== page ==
In everyday business, the latest iPhone and other premium smartphones are impressing users with brilliant screens that provide access to all of their corporate data. What’s truly fascinating about Apple’s new firmware (since iOS 5), however, is its inclusion of an industry first: Siri, a practical system of voice control. Linking this system to an increasing number of functions and services produces results faster than when using a touchscreen. Plus, the times when users had to train a desktop computer’s software for hours to understand even the simplest overenunciated commands (“open file,” “write text”) have long since passed. Siri works semantically – that is, by connecting the meaning of words. If you speak with her like a human coworker, she’s highly likely to interpret requests like “Call Christiane Stagge” or “Read me the latest text message from Heather McIlvaine” with 100% accuracy.
Siri can also create appointments, insert contacts into your address book, and search the Internet – but that’s just the beginning. Near-perfect voice recognition systems will replace keyboard and touchscreen entry in many areas in the medium term. Right now, Apple’s system sends voice commands in a file format to its servers, where they are quickly parsed into strings of characters and sent back to users’ iPhones. It’s possible that built-in chips will be enable the devices to handle this process of interpretation all on their own in the near future.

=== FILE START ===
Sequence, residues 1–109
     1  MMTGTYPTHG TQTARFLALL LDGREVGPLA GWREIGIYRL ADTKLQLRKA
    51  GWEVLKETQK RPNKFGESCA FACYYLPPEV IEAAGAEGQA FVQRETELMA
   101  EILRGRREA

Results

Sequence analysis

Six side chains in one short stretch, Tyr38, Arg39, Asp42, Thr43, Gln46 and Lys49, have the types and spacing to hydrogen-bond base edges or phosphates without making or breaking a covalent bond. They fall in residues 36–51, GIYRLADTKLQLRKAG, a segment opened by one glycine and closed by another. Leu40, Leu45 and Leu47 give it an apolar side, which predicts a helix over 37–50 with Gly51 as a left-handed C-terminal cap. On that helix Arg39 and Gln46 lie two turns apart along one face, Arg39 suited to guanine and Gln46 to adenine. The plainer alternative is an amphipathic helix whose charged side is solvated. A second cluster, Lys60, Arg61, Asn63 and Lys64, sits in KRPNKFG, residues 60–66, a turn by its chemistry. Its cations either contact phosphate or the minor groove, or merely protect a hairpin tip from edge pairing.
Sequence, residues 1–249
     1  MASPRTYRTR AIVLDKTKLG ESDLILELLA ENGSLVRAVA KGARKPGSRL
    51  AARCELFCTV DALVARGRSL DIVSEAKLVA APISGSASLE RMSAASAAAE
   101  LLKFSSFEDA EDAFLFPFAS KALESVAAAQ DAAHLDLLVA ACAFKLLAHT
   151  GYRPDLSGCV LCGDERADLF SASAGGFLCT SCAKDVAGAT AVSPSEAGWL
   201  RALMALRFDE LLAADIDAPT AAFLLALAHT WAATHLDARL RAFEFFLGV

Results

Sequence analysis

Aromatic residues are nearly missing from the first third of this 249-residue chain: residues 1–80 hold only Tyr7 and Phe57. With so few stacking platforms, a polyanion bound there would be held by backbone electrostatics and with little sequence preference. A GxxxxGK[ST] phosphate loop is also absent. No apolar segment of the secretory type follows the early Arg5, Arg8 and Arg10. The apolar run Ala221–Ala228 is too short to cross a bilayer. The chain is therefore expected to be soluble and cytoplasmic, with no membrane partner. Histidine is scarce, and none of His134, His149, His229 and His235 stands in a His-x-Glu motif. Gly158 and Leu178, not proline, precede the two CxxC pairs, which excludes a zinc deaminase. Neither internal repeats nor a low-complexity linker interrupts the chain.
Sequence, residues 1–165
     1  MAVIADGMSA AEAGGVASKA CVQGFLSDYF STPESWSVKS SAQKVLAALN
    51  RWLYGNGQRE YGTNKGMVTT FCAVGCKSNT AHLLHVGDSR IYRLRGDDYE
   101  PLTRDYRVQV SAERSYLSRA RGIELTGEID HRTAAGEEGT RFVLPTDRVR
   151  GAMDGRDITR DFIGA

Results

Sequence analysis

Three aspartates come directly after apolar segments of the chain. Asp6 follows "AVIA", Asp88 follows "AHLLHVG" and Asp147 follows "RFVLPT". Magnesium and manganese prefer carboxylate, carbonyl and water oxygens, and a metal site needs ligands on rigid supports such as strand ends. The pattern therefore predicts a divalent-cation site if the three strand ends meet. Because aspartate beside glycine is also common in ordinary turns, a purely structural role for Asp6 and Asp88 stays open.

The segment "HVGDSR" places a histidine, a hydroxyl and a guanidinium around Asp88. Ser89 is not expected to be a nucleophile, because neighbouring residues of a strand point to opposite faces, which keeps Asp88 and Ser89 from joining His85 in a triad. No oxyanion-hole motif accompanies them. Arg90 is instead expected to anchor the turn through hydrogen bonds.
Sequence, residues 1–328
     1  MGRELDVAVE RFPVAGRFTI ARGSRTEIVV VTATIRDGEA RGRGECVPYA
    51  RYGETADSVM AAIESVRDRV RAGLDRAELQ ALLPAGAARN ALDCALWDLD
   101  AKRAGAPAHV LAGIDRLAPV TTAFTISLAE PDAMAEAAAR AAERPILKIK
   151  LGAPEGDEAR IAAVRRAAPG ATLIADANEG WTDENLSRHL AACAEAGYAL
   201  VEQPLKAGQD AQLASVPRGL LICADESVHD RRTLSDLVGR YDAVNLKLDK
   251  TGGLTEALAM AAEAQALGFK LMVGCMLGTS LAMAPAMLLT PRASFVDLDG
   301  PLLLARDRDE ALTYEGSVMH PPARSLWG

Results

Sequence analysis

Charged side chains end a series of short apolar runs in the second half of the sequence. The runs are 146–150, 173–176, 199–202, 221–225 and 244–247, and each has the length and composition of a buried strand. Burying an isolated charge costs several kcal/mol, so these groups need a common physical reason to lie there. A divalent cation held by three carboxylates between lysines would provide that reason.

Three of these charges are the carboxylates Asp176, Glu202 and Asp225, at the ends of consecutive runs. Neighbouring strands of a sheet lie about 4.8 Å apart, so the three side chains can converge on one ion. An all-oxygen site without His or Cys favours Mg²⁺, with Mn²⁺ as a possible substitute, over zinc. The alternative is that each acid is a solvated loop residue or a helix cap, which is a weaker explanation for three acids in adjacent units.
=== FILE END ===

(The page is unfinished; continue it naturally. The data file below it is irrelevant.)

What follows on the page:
Trend 2: HTML5 on all devices
SAP.info is showing how it’s done: Our dynamic online magazine and all eight of its languages are based on the upcoming Web operating system HTML5, which is set to establish itself as the new standard. HTML5 is already spreading on mobile platforms like iPhone, iPad, and Android devices. At most, competing platforms such as Adobe Flash, Microsoft Silverlight, and JavaFX will play only a secondary role. For those looking to create rich Web applications that reach as many users as possible and adjust perfectly to every mobile device’s display, all roads will lead to HTML5.
In HTML5, geolocation and other location-based services function by means of a geolocation API, while a storage API handles the archiving of local data and ultimately facilitates offline applications.
Site-exclusive Web fonts
In place of logos and lettering with painstakingly constructed graphics, HTML5 provides the option of embedding Web fonts. These are unique fonts your browser downloads from a specified server. Major providers like Font Bureau offer an extensive range of individual fonts for use on the Web. Business customers can choose from various payment models, many of which are based on page hits. Meanwhile, out-of-date browsers that don’t support HTML5 fonts will revert to a typeface such as Arial or Verdana – likely ruining the originally desired effect of the site’s design, of course.
Trend 3: All data in-memory
At the moment, most companies are still organizing their information in relational, row-based databases on conventional hard drives for online transaction processing (OLTP). In SAP environments involving highly complex database servers, however, such hard drives are going the way of the dodo.